Re: Recent User Assistance Studies on Printed Books?

Subject: Re: Recent User Assistance Studies on Printed Books?
From: "Susan W Gallagher" <susanwg -at- gmail -dot- com>
To: "Lorraine Kiewiet" <lkiewiet -at- earthlink -dot- net>
Date: Mon, 6 Aug 2007 17:45:27 -0700

Wow - you're actually printing and distributing books! Haven't done that in
many years!

The smaller book size -- 7.5 x 9 inches or thereabouts -- is generally
preferred because it saves desk space. Precious few cube-dwellers have the
room to keep an open 8.5 x 11 inch book on their desks. Book size has
nothing to do with internationalization, however.

As far as font choice, size, and leading, most of that depends on your page
size. The old rule of thumb to determine optimum line length for reading is
that an alphabet-and-a-half of uppercase letters should fit on a single line
of type. Any more than that and either your page is too big or your font is
too small. But, if you add leading over and above the usual defaults, you
can increase your line length (or use a smaller font or a larger page). It's
all interwoven; it all depends.

As far as the serif/sans serif debate goes, after reading research and
opinions for 25 years or so, I'm firmly convinced that it makes no
difference as long as the font size, line length, and leading are set
appropriately. Conventional wisdom always said that serif was easier to read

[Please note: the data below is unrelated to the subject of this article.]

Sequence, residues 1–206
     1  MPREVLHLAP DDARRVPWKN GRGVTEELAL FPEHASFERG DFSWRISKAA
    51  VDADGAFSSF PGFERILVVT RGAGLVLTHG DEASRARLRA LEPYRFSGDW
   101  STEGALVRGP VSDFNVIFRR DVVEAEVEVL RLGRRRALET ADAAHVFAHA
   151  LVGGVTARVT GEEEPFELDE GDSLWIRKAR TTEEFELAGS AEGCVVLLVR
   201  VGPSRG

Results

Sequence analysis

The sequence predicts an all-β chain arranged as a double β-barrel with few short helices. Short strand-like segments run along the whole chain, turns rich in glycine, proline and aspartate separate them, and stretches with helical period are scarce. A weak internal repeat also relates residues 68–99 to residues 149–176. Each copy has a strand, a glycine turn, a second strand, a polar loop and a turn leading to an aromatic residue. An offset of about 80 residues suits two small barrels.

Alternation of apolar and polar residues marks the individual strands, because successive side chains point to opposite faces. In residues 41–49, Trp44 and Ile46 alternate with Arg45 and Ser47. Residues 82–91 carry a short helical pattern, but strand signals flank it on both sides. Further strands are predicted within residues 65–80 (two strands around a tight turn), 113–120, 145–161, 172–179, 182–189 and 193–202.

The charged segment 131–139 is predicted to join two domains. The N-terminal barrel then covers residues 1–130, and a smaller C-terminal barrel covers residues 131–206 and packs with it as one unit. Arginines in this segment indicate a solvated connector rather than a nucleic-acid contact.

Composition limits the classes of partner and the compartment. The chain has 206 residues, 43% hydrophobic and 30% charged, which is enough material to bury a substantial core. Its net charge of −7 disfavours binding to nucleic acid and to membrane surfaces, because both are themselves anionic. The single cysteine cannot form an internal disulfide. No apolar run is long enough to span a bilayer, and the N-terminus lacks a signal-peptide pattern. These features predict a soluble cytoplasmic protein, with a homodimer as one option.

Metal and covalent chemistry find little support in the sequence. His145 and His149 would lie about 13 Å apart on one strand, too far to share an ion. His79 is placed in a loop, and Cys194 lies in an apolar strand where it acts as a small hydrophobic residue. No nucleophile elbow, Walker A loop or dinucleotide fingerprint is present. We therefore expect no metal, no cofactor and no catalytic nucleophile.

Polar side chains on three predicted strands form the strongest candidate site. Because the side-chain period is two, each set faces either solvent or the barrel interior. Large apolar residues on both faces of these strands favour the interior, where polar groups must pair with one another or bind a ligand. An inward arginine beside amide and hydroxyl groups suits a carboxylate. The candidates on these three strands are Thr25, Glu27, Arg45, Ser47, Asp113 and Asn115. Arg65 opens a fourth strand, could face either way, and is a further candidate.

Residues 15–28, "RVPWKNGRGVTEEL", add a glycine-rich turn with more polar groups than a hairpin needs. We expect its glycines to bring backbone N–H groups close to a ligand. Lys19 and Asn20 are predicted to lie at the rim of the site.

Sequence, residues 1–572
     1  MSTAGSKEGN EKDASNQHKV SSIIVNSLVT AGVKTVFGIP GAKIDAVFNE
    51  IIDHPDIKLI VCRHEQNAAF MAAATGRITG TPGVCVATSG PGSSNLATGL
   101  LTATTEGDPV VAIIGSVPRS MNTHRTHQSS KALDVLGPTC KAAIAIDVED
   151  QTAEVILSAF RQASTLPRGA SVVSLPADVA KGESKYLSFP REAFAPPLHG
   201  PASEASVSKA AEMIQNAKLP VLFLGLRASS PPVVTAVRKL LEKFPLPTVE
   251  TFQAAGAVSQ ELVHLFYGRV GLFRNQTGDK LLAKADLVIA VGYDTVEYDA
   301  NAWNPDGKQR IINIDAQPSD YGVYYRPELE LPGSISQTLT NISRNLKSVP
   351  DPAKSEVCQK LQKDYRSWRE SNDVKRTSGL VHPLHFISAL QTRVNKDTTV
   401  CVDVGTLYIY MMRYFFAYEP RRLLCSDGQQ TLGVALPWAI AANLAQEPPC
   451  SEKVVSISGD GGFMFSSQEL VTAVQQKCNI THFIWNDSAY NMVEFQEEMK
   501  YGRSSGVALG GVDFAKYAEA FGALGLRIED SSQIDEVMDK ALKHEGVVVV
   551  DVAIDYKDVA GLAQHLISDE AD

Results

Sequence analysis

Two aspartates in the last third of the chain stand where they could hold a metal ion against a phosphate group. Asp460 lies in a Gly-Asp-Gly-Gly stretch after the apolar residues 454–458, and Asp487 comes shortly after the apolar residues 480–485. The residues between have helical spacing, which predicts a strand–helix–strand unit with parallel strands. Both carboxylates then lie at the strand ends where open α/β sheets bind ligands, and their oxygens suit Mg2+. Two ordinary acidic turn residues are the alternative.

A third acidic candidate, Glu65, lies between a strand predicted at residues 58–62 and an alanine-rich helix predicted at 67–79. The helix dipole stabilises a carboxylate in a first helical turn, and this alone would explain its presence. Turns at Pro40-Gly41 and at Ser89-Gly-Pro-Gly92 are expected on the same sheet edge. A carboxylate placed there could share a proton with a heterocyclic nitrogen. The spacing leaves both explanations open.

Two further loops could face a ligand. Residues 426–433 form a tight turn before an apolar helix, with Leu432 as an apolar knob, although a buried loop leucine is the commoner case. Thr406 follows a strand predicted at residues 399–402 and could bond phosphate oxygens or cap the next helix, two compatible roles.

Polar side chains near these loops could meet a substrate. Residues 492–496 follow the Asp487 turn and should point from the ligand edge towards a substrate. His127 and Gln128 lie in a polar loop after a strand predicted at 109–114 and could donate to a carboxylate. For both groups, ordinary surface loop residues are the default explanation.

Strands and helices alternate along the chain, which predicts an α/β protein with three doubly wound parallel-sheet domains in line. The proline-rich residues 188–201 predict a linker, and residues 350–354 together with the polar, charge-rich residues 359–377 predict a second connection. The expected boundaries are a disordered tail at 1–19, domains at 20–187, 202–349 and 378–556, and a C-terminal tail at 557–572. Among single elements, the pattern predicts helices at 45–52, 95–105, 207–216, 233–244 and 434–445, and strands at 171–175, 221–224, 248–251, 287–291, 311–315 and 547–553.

because the serifs serve to lead the eye. (And here's a post by Laura Lemay
from 1995 that supports that, but only just )
***But*** - there's always a "but", isn't there! - that's American
conventional wisdom, and here's a post from that same thread that says
there's cultural bias in font readability
that Europeans prefer sans serif. (So if you're concerned about
Internationalization, you might not want to argue for serifs.)

That was 1995, and the battle still rages. And since then, more and more of
us do more and more reading online, where conventional wisdom states that
sans serif is better because it doesn't muddy up in low resolution displays
(not that we have many of those anymore). That means, to me anyway, that the
cultural bias we Americans have always had toward serifs may have
disappeared. I don't know that for sure, mind you, but it seems the logical
conclusion to jump toward, our having read sans serif online for almost 20

As for page numbering, most usability folk say that in a 300 page book, it's
much easier to find page 95 than page 2-17, but given Lauren's post, I'd
wager that many who are used to using computer documentation are also used
to folio page numbering and even prefer it. So there again, I doubt it makes
much difference.

-Sue Gallagher

On 8/6/07, Lorraine Kiewiet <lkiewiet -at- earthlink -dot- net> wrote:
> Background: I recently joined a company with little experience in creating
> user documentation. They are a rapidly growing software firm. There are two
> tech writers and a manager, and there has been a lot of turnover. Before the
> three people who are here today arrived, the technical managers made the
> switch from a 7.5 x 9 inch printed book with consecutive page numbering in
> favor of an 8.5 x 11 printed manual with the 'chapter-level' page
> numbering. Also, paragraph leading and font choices make the long, gray
> blocks of text difficult to read.
> Today's question: Given that they think this looks good, are there any
> studies out there to support the more standard practices that we three on
> the doc team want to move to? Examples: for internationalization, we believe
> that the book should be 7.5 x 9. For readability, the body font should be
> serif, and more than 3 points of line leading are needed between paragraphs.

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Recent User Assistance Studies on Printed Books?: From: Lorraine Kiewiet

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